Infectious disease and epidemiological insights indicate the unfortunate reality that the novel coronavirus will continue to challenge the life science industry for the foreseeable future.  Thus, our call to action is to build resilience into our processes, systems, and infrastructure to enable our response to inevitable “spikes” in case load.  It’s only once we design this agility into the fabric of our organizations that we’ll be able to continue doing the work of developing life-saving therapies for patients in need.  The table below translates the 5 Elements of Resilient Systems from a Homeland Security context to a life science company context.

Elements of Resilient Systems
Life Science Organization-Level Applications vs. Clinical Trial-Level Applications

  1. Redundancies

    Life Science Org:
  • Ensure adequate staffing and resources to support duplicative or “shift” style work. Engage with an external source to bring interim management in as backup. Define and document roles for clarity in an unexpected transition.
  • Invest in / maintain systems and tools to support remote or alternative work. Liberally “centralize technology” in terms of files, project documentation, and status updates to ensure cross-coverage is possible with little notice.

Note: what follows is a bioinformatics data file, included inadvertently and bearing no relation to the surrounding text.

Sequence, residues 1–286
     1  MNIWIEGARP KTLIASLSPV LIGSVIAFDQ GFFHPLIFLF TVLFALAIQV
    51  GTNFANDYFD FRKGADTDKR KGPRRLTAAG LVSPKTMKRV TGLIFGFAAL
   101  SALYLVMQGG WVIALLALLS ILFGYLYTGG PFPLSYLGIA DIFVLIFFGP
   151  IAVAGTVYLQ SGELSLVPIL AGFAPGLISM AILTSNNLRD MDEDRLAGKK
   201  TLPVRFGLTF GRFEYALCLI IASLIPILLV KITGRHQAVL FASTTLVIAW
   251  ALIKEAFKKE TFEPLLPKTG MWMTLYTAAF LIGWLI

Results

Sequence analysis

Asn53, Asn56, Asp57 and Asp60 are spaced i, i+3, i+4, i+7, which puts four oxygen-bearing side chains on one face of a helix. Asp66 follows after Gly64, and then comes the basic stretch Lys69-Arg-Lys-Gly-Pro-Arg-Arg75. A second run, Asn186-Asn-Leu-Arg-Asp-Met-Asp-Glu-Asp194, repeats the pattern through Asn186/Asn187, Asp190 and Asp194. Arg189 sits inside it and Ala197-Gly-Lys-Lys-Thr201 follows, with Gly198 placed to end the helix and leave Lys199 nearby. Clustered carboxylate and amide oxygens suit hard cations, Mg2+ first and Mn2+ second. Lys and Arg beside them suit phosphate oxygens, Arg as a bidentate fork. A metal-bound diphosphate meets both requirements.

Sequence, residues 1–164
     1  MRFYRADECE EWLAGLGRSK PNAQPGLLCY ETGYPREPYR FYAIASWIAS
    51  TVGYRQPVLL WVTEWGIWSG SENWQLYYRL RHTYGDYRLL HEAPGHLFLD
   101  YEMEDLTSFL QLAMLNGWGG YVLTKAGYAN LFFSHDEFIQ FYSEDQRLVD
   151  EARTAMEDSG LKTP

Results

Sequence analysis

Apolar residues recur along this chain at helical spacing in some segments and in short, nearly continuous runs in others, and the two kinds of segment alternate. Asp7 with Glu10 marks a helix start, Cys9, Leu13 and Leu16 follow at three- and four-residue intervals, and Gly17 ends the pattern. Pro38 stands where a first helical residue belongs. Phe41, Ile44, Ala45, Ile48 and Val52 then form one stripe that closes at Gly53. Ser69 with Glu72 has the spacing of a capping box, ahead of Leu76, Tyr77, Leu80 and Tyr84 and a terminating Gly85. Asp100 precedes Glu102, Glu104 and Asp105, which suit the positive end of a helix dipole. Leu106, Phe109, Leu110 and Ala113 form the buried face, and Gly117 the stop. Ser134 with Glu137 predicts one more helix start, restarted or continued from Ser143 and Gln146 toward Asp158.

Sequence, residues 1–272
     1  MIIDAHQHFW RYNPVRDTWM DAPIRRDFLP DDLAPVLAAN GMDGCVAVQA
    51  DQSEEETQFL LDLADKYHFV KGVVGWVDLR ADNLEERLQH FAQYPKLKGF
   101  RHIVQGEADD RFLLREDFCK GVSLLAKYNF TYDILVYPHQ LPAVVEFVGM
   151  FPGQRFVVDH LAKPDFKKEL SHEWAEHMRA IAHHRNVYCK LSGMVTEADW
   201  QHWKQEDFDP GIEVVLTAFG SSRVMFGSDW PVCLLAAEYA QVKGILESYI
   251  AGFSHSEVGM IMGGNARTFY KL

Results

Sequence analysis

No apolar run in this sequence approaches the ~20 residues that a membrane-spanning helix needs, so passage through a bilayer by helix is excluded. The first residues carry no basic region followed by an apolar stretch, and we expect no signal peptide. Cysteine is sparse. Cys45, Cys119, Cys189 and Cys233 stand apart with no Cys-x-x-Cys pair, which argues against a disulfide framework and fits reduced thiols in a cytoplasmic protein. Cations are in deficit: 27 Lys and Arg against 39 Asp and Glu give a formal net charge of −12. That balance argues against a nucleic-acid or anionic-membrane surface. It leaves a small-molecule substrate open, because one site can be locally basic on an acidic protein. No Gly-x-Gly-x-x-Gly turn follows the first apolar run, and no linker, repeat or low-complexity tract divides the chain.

Clinical Trial:
  • Include diverse geography of sites and vendors in case of geographical limitations on trial activities, patient mobility, site activity, etc.
  • Hire and train personnel to be able to support across multiple areas beyond their sole responsibility on the trial in case certain studies or roles are incapacitated by a crisis event. Document/record the training to avoid the need to recreate/repeat it in a crisis.
  • Perform a thorough risk assessment to identify, mitigate, and control for potential key points of failure.
  1. Flexibility

    Life Science Org:
  • Invest in remote work technology and systems and develop associated agile policies and procedures. Ensure access to data and files so they reside internally.
  • Build flexibility into the corporate budget to adjust for unanticipated risks.
  • Develop a flexible vendor management and oversight plan with feasible alternatives for when “Plan A” is not an option.

    Clinical Trial:
  • Design a protocol with some flexible options for remote and alternative treatment windows, sites, etc.
  • Engage local clinics and partners to make decentralized visits feasible.